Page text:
The first decision was to establish a conservative follow up of the lesion. Though, two weeks later, the baby presented an important worsening of respiratory status; for this reason, it was decided to perform a debulking of the lesion. The baby underwent a left posterolateral thoracotomy over the 6th intercostal space; the mass involved the 5th and the 6th ribs and consisted of an intrathoracic and extrathoracic component. The intrathoracic part was surgically removed until the costal plane and the left lung was totally rehabilitated. The postoperative period was uneventful and the baby was extubated on the 10th postoperative day. The histological examination (Figure 8) confirmed the initial diagnosis of MHCW. Microscopic examination revealed a neoplasm composed of mature hyaline cartilage with a nodular/lobular pattern of growth. No atypical or bi nucleated cells were present. Mitotic activity was absent. In addition, there were areas of Aneurysmal Bone Cyst (ABC), formed of hemorrhagic dilated cystic spaces and containing reactive bone and osteoclast-like giant cells.

After one month, the baby showed a sudden deterioration of his ventilation with respiratory distress. A new CT scan is performed with evidence of an increase of dimension of the lesion, probably due to hemorrhage of aneurysmal cyst within the residual mass. For this reason, it was decided to re-operate the baby.

A new left posterolateral thoracotomy over the 4th intercostal space, using the previous skin incision, was made; the mass showed adhesion with the pleura, but the lung was free from tumor. The lesion was completely excised with a resection of the 4th, the 5th and the 6th ribs and of the pleural component; an extemporaneous examination confirmed the nature of the lesion. The defect in the chest wall was repaired with a Gore-Tex patch. The post-operative course was regular and the child was discharged after 25 days. The patient was subsequently followed-up with regular medical examination, that showed parameters of growth and respiratory function within the limits; a thoracic MRI was performed every six months for the first year and every year for the next two years. The first MRI reported a residual mass arising from the 7th rib; the left lung volume and dimension were superimposable to the one of right lung. The subsequent MRIs revealed spontaneous reduction of the mass (Figures 9 and 10).

Discussion

MHCW is a rare benign lesion of the chest wall, arising from one or more ribs, usually from the central part [1, 2]. Its incidence is less than 1 in million in general population, although it may be underestimated due to misdiagnosis; it is more frequent in male than female (ratio 2:1 to 4:1) [3-5]. It usually occurs prenatally or within six months, with only 2 cases reported in adulthood at age 39 and 60 [2-4,6,7]. To date, just over 100 cases have been reported and only in 15 cases, including ours, the mass was detected prenatally [1,2,8-21]. Although a biopsy is required in all cases, the diagnosis may be achieved solely with radiological examinations [1]. The correct diagnosis is crucial to establish management [22]. It should not be considered a true neoplasm, since it consists of maturing, proliferating normal skeletal elements with no propensity for invasion or metastasis [4,22]. We review literature cases of prenatal detection of MHCW and reported the major findings in the table (Table 1).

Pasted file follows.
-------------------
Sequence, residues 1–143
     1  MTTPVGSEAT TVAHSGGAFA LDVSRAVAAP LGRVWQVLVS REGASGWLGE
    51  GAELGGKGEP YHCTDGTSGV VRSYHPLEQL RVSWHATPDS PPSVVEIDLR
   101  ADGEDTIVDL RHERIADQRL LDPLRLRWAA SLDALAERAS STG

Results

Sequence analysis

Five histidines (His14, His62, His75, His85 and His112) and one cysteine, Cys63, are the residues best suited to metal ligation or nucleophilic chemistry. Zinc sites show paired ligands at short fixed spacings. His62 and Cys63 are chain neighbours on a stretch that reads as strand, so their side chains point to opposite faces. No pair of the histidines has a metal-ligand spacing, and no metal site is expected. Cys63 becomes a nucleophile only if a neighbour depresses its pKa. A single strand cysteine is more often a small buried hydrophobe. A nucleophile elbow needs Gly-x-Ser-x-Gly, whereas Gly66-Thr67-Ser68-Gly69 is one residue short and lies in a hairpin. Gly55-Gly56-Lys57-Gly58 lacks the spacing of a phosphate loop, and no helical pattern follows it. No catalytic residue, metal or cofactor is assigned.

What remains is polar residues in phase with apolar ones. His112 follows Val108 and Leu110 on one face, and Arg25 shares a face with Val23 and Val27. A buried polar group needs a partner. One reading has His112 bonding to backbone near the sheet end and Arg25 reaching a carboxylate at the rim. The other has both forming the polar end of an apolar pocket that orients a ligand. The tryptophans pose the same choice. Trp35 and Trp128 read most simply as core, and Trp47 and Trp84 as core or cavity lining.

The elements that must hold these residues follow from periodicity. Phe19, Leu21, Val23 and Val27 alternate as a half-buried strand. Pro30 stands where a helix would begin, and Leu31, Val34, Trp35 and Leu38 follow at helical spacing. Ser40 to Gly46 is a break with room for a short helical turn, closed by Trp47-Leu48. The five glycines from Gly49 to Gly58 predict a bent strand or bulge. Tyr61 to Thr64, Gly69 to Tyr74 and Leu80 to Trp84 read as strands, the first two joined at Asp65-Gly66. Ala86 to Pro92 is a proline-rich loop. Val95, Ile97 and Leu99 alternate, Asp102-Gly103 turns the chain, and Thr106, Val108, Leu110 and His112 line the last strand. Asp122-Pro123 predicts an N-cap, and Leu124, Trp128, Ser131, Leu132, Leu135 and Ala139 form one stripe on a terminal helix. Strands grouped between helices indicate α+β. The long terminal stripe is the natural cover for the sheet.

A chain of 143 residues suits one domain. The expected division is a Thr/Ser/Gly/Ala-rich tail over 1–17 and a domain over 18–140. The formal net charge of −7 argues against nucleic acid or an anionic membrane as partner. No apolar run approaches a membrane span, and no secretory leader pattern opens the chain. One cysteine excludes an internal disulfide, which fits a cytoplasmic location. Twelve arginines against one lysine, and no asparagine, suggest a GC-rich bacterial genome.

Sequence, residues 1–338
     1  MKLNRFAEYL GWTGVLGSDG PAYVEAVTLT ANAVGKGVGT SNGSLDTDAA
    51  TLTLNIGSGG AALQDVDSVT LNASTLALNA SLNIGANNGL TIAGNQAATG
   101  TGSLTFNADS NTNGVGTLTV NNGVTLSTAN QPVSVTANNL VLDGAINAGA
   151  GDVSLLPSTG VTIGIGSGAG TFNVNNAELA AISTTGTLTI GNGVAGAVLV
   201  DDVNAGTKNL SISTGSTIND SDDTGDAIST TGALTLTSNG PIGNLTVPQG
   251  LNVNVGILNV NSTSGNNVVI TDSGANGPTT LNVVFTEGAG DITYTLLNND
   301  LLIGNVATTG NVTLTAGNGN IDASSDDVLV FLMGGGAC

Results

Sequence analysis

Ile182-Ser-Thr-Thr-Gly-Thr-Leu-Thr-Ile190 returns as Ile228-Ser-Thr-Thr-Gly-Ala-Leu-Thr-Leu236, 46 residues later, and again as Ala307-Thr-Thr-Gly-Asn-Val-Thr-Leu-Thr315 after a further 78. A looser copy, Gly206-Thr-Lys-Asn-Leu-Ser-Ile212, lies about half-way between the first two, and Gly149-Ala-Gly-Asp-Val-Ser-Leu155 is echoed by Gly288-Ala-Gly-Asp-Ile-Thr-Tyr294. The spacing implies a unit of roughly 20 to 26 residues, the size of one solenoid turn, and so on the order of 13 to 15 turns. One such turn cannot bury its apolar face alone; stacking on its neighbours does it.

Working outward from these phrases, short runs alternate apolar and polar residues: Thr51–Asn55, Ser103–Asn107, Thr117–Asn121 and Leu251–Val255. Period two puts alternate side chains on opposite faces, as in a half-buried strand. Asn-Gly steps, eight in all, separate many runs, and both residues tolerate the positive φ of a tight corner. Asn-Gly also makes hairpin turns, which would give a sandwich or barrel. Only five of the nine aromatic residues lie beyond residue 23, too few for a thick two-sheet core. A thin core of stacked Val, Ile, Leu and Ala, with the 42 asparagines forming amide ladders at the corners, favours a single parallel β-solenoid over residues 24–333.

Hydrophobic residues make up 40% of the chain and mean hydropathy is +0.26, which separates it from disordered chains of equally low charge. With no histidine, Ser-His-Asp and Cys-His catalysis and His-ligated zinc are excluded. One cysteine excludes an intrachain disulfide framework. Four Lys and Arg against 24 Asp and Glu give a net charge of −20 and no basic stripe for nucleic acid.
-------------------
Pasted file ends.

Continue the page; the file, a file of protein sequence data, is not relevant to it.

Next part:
The routine prenatal US plays a crucial role in detecting congenital thoracic malformations. In the early fetal age, the MHCW has a homogeneous hyperechogenic signal; later during the pregnancy, the mass increases in size and becomes heterogeneous [19]. Growing up, the lesion may involve costal pleural with lung compression, leading to hypoplasia of the lung, mediastinal shift and pleural effusion which rarely requires a fetal treatment [1,11,15,18]. In addition, the localization of MHCW is high suggestive, usually arising from the posterior chest wall and often affecting multiple continuous ribs [19]. Despite these peculiar features, the definitive prenatal ultrasonographical diagnosis of MHCW is challenging due to the rarity and lack of familiarity with the fetal MHCW and the others chest wall lesions [1]. The fetal MRI is more sensitive than US in revealing the characteristics and origin of the mass [18]. The lesion usually exhibits a heterogeneous pattern; the cystic compounds show high signal intensity in T2weighted images, with fluid-fluid level, and possible artifacts in T2*weighted imaging for the presence of hemosiderin deposits and calcifications. The solid mesenchymal compounds may display low signal intensity in T1weighted and T2weighted images due to fibrous tissue; high signal intensity on T1weighted images can be related to bleeding and loss of signal in T2weighted images may be suggestive for hemorrhage or calcifications and cartilage compounds. Although a fetal detection of the lesion was made in all the cases mentioned above, a prenatal diagnosis was obtained only in 3 cases, including ours [11,17]. Differential diagnosis can be not simple, including congenital cystic adenomatoid malformation, pulmonary blastoma, neuroblastoma (especially for the lesions located near to the spine), primitive neuroectodermal tumor and congenital fibrosarcoma [18,22].